Pruitt previewed – Scott Pruitt faced an intense barrage of questioning on his anti-EPA record during his Wednesday confirmation hearing on his nomination to head the agency. The Oklahoma attorney general’s answers previewed what type of agency he would lead, as he painted the American public as “hungry for change” at the EPA and did not confirm if he would recuse himself from several ongoing lawsuits against the EPA he brought as AG. Pruitt joined the latest string of Trump nominees to admit that climate change is a reality, but called for more “debate” on its connectivity to human activity despite overwhelming scientific consensus. Check Climate Nexus’ full recap of the hearing.

Unheeded advice – The Canadian federal government may have ignored advice from senior officials warning of legal trouble if Ottawa were to force carbon pricing on uncooperative provinces or territories, Saskatchewan Premier Brad Wall said in a tweet Thursday.  Wall, who has said lawyers are examining the province’s legal options as a national carbon price comes into effect, pointed to a report of a heavily-redacted Finance Canada memo warning of the legal “difficulties” and “challenges” in forcing a carbon tax, iPolitics reports ($).  The memo was obtained by Blacklock’s Reporter ($).

Hydro for nuclear – Quebec’s energy minister sensed “genuine interest” from New York state in importing hydropower from the Canadian province, he said after meeting with officials in the wake of the state’s decision to close its 2GW Indian Point nuclear power plant in 2021.  Quebec’s Pierre Arcand is hopeful that Hydro-Quebec, Canada’s biggest electric utility, can reach a deal by the end of this year to supply power to New York under a long-term contract. (National Post)

Git tae cutting! – Scotland has unveiled what appears to be an ambitious climate strategy, pledging to cut total climate emissions by 66% within 15 years, The Guardian reports. But if you look beyond the headline figure, the plan does not include its substantial offshore oil and gas industry, and ministers in the partly-devolved Scottish government and Brexit rebel outpost admit there are serious policy and financial challenges raised by the UK’s decision to quit the EU.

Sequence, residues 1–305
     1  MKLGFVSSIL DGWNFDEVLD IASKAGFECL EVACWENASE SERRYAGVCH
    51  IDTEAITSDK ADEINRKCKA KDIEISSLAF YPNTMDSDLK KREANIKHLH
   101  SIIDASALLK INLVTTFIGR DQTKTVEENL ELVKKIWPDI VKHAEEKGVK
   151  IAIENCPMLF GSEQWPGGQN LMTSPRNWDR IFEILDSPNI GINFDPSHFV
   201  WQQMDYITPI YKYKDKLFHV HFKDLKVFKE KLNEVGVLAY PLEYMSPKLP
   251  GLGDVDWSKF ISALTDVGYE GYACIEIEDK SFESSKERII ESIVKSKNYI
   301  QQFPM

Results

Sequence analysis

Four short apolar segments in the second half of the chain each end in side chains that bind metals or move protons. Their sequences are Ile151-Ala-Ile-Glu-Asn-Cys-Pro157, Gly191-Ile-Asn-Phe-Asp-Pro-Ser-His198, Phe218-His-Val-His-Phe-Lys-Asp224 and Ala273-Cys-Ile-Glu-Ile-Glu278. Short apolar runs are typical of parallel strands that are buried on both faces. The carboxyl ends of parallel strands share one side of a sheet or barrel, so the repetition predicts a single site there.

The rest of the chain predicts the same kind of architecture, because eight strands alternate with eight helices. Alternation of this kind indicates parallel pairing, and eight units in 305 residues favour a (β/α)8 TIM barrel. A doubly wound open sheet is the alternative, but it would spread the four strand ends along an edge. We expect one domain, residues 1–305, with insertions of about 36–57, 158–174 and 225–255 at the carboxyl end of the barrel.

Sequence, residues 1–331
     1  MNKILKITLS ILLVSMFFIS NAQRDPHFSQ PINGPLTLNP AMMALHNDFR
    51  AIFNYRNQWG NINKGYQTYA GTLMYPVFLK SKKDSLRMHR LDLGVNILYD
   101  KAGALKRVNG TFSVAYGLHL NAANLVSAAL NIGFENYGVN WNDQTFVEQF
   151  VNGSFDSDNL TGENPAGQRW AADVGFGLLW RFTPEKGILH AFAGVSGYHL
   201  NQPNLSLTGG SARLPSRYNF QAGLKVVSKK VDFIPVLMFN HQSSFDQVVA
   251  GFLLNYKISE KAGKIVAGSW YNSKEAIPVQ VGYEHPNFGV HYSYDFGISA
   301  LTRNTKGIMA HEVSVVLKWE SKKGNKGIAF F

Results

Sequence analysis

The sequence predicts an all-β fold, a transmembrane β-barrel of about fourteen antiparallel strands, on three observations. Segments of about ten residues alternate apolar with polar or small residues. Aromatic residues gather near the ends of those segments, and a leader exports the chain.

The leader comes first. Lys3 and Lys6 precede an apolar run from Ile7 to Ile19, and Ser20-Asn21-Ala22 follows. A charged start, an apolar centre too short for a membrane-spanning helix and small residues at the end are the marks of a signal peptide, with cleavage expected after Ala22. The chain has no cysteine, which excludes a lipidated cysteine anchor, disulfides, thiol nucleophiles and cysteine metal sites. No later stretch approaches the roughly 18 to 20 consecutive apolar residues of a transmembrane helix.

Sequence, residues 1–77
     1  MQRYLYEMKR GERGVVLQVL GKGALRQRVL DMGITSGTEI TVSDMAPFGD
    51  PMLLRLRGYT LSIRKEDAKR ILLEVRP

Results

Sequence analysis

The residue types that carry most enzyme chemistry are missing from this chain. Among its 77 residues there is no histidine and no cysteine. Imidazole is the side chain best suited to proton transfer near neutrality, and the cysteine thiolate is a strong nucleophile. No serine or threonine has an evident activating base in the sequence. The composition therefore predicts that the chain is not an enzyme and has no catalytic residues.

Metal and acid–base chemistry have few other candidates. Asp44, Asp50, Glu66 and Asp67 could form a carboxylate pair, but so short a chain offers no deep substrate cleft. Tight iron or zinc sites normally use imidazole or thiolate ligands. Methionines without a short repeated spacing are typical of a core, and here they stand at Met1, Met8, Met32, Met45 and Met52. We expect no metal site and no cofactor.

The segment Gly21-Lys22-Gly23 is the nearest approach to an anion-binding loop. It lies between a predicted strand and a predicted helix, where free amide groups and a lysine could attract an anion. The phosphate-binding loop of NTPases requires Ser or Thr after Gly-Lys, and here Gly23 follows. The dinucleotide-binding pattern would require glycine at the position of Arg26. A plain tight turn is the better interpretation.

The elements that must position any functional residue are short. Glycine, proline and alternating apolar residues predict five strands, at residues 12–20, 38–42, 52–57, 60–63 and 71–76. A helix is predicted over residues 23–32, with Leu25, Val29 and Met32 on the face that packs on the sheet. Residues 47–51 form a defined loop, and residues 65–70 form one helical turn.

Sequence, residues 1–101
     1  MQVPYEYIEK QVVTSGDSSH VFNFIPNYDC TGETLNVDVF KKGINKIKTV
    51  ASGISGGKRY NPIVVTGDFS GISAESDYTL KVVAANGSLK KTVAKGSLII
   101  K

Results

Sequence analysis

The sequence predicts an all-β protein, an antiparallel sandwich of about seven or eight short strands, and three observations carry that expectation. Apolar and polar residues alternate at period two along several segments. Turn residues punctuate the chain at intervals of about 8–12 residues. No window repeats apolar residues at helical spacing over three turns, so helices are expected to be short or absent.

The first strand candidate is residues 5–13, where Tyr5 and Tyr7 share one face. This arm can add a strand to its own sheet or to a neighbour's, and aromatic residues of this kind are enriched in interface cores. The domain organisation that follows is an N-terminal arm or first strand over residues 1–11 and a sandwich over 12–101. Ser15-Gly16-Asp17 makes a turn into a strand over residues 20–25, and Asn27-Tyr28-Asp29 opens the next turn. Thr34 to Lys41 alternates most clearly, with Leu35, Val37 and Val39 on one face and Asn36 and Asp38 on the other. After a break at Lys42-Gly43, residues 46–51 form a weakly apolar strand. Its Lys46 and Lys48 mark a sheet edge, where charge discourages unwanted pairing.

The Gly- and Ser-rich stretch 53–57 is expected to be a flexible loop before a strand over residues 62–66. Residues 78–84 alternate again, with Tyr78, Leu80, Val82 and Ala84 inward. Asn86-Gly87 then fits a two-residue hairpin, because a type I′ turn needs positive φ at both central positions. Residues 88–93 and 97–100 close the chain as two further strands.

Bought – French energy management company Schneider Electric SA has purchased Colorado-based clean energy services provider Renewable Choice Energy.  The acquired business helps commercial, industrial and institutional customers secure renewable power purchase agreements (PPAs) and also specialises in selling energy attribute certificates (EACs) and carbon offsets.  The value of the transaction was not disclosed. (SeeNews)

REC it up – APX, Inc. and CBL Markets have inked a strategic partnership to launch spot US Renewable Energy Certificate (REC) contracts on the CBL Markets exchange, the firms said Thursday. CBL Markets will connect into the APX’s Environmental Management Account and associated REC registries to provide spot REC contracts across all major programs.  This new partnership will make CBL Markets the first trading venue to provide electronically cleared and same-day settled spot US RECs.

And finally… A housewarming gift for Trump – The new Trump Administration will inherit the lawsuit filed by 21 children and teenagers against the US federal government over its failure to protect future generations from the effects of climate change, and Obama’s team just left them the equivalent of a old fish hidden in a desk drawer in their office.  In a written answer to the complaint, the Justice Department has endorsed many of the youth plaintiffs’ scientific claims, tying the incoming Trump Administration into accepting that fossil fuels have increased the atmospheric concentration of CO2, which threatens the public health and welfare of current and future generations.  However, DOJ lawyers stopped short of saying that the government accepts liability or proposing a solution. Climate Home has more on the story.